Sunk Costs, Market Contestability, and the Size Distribution of Firms
affiliation not provided to SSRN
January 1, 2011
World Bank Policy Research Working Paper No. 5540
This paper offers a new economic explanation for the observed inter-industry differences in the size distribution of firms. The empirical estimates--based on three temporal (1982, 1987, and 1992) cross-sections of the four-digit United States manufacturing industries--indicate that increased market contestability, as signified by low sunk costs, tends to reduce the dispersion of firm sizes. These findings provide support for one of the key predictions of the theory of contestable markets: that market forces under contestability would tend to render any inefficient organization of the industry unsustainable and, consequently, tighten the distribution of firms around the optimum.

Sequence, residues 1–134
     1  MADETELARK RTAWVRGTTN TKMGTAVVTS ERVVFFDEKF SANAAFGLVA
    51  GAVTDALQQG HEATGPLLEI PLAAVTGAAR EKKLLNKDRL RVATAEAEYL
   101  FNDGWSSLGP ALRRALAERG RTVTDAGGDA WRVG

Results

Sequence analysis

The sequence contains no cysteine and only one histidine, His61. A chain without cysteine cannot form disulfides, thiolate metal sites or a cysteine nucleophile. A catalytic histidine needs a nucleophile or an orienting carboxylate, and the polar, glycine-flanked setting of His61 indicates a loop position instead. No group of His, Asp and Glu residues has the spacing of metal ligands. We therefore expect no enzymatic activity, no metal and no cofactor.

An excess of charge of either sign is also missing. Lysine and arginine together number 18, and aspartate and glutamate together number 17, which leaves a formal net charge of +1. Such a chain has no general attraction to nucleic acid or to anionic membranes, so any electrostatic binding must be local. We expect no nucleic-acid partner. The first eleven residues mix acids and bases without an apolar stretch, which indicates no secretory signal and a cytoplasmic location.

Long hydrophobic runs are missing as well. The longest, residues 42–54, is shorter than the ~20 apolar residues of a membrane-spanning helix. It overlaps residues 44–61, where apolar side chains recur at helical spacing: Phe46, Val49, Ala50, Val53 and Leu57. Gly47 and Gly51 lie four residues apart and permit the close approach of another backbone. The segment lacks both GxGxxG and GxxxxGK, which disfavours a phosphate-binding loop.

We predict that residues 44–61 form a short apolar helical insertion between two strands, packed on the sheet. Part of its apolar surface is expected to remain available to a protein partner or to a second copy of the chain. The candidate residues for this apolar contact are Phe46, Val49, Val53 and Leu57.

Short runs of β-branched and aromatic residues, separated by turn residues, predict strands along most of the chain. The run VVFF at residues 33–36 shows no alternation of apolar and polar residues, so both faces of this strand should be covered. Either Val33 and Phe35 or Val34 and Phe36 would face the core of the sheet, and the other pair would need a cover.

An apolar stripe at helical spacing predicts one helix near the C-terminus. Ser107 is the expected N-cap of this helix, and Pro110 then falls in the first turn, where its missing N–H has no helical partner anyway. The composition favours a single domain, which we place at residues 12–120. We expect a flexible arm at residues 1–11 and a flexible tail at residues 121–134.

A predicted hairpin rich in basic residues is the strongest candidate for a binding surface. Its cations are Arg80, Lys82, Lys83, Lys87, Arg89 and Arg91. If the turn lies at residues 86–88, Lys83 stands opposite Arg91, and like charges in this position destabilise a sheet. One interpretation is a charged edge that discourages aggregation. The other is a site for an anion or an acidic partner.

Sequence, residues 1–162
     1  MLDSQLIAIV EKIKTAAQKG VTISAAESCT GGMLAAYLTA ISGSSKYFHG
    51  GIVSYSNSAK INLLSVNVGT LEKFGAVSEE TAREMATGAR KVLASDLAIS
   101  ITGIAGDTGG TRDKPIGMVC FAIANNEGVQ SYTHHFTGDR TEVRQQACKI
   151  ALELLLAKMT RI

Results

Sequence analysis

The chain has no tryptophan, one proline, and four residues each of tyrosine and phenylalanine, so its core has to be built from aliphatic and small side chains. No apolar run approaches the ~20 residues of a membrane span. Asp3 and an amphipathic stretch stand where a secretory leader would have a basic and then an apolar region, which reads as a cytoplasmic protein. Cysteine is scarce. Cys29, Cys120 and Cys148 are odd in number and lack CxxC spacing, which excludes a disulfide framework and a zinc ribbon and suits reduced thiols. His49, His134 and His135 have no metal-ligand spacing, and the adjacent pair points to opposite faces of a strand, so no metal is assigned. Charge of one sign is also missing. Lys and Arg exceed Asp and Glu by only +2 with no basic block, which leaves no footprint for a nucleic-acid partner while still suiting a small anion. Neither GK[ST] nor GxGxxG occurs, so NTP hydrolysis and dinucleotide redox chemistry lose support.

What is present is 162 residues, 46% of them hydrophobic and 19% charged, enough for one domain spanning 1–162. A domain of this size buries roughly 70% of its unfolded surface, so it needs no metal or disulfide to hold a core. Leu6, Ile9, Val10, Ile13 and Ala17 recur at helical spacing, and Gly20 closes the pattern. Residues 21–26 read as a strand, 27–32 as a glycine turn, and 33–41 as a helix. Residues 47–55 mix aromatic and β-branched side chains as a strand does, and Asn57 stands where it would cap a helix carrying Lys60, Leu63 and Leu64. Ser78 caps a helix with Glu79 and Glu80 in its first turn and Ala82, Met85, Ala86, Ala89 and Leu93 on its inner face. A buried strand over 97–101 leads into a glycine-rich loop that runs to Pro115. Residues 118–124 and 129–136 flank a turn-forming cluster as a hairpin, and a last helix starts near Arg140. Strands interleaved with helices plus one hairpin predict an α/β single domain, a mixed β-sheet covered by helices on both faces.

Number of Pages in PDF File: 29
Keywords: Markets and Market Access, Economic Theory & Research, Water and Industry, Access to Markets, Debt Markets
Date posted: April 20, 2016